U.S. Pat. No. 4,645,376 issued to Shell Western E&P, Inc., on the application of W. F. Simpson and discloses a "fireproof" boom for containing flammable pollutants on water and includes a floatation member, a heat-resistant, water-sorbent material surrounding the floatation member and a protective fence surrounding the water-sorbent material. The floatation member is a series of cylindrical metal cans held end-to-end and the heat-resistant, water-sorbent material draws water around the heat-sensitive floatation member, forming steam in the presence of flaming pollutant and allowing only the outer layer of heat resistant material to become slightly singed. The protective fence surrounding the water-sorbent material is heavy steel wire woven in continuous spirals so that when the spirals are integrated with each other a diamond-shaped mesh is formed.

U.S. Pat. No. 4,605,586 issued to Globe International, Inc., on the application of P. Lane and discloses a portable fire-resistant barrier for containment of oil spills comprising a continuous length of interwoven, high-temperature resistant yarns and metallic wires, coated with a high-temperature resistant synthetic polymeric resin. The woven fabric barrier is buoyed by fire-resistant buoys and stabilized with ballast.

However, none of these prior devices allow for inflation of the boom after a multi-layered high temperature resistant cover or blanket has been installed thereon.

SUMMARY OF THE PRESENT INVENTION

The preferred embodiment of the apparatus of the present invention solves the aforementioned problems in a straightforward and simple manner. What is provided is a boom which can be provided with a multi-layered high temperature resistant blanket and be inflated after the blanket is mounted on the boom by inflation means exterior to the blanket.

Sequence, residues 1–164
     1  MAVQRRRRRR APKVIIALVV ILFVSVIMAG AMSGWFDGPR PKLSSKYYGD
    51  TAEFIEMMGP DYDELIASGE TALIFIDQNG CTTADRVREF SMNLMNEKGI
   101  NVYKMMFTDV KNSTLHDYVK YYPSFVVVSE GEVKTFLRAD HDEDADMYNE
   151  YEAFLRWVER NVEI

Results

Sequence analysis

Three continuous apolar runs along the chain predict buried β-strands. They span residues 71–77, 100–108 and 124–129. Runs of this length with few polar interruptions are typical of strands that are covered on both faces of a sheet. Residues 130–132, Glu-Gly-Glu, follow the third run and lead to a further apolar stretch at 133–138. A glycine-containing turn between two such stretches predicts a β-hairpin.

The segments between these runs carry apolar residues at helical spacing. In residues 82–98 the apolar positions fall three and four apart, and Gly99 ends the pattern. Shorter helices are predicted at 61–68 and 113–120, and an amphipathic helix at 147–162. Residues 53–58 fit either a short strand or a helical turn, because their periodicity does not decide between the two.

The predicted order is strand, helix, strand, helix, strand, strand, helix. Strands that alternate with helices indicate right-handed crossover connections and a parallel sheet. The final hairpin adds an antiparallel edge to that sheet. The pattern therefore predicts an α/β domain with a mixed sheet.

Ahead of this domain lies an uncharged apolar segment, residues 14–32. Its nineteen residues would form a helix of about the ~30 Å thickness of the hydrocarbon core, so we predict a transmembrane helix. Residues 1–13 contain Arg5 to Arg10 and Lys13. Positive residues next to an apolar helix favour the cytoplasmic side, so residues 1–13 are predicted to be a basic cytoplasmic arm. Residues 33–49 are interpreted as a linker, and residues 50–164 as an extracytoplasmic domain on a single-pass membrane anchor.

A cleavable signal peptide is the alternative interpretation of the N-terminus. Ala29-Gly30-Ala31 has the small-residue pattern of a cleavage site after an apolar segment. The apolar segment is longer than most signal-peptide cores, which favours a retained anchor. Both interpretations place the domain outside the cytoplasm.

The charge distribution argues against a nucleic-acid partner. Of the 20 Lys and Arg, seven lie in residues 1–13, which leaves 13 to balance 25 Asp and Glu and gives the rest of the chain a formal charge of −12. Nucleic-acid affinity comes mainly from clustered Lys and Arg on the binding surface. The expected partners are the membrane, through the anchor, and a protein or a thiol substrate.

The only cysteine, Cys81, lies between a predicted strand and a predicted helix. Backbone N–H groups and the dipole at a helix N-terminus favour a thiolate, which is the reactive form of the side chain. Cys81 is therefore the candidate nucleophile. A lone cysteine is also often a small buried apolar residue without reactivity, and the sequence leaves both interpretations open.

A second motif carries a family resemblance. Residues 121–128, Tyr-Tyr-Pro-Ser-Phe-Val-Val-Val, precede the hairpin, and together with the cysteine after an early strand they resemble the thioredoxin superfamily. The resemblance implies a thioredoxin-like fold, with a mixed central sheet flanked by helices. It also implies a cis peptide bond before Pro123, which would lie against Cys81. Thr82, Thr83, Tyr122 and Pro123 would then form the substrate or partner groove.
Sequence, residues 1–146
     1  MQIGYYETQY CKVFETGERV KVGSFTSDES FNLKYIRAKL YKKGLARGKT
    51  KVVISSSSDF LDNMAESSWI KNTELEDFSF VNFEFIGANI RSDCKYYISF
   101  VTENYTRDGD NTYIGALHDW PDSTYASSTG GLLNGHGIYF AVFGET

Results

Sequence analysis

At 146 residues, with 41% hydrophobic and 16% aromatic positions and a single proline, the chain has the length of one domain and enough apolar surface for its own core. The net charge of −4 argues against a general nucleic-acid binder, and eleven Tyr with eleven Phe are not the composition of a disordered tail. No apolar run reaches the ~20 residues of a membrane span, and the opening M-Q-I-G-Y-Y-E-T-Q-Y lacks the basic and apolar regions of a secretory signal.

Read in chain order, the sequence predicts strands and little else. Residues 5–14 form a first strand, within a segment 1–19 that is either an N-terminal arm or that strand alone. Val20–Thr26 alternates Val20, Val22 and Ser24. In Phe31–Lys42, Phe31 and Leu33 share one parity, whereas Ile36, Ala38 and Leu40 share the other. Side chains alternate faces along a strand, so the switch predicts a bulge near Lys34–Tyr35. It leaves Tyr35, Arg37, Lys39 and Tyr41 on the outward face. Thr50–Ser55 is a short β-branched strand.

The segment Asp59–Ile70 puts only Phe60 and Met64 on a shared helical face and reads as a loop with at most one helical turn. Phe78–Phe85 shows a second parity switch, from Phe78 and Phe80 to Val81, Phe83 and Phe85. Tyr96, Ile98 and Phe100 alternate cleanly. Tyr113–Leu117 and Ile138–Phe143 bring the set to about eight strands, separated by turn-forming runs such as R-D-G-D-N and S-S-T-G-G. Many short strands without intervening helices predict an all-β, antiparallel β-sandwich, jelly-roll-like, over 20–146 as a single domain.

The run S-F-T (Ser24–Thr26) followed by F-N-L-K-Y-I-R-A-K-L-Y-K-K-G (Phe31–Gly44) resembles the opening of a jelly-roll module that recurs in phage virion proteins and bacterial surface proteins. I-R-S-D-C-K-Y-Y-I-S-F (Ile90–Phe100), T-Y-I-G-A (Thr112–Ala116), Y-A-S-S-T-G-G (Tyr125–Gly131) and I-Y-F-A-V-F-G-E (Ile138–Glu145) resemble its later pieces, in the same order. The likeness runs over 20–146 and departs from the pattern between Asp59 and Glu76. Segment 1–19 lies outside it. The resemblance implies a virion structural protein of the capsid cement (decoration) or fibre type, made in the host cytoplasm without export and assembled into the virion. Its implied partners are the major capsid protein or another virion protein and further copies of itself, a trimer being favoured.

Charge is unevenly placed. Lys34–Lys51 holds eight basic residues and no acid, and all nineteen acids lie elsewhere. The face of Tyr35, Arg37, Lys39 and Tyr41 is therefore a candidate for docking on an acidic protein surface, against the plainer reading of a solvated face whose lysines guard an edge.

It is a further object of the present invention to provide such a boom that can be provided with such a blanket, deployed and inflated while deployed.

BRIEF DESCRIPTION OF THE DRAWING

For a further understanding of the nature and objects of the present invention, reference should be had to the following description taken in conjunction with the accompanying drawing in which like parts are given like reference numerals and, wherein:

FIG. 1 is a perspective view, partially in section, of the preferred embodiment of the apparatus of the present invention, with the cover blanket being unfastened from the boom skirt and a portion of the lower sleeve cut-away;

FIG. 2 is a cross-sectional end view of the embodiment of FIG. 1 taken along LINE 2--2 of FIG. 1, and illustrating the multiple layers of the heat-resistant barrier;

FIG. 3 is a cross-sectional end view of the lower portion of the skirt of the embodiment of FIG. 1, with an alternate ballast or bottom tensioning member;

FIG. 4 is a perspective view of the embodiment of FIG. 1, with a portion of the heat-resistant barrier cut-away;

FIG. 5 is a side elevational view of the embodiment of FIG. 1 with a portion of the heat-resistant barrier cut-away and the distal end of each of the inflation tubes removed;

FIG. 6 is a partial, enlarged detailed cross-sectional view of the heat-resistant barrier or protective cover blanket for the apparatus of the embodiment of FIG. 1;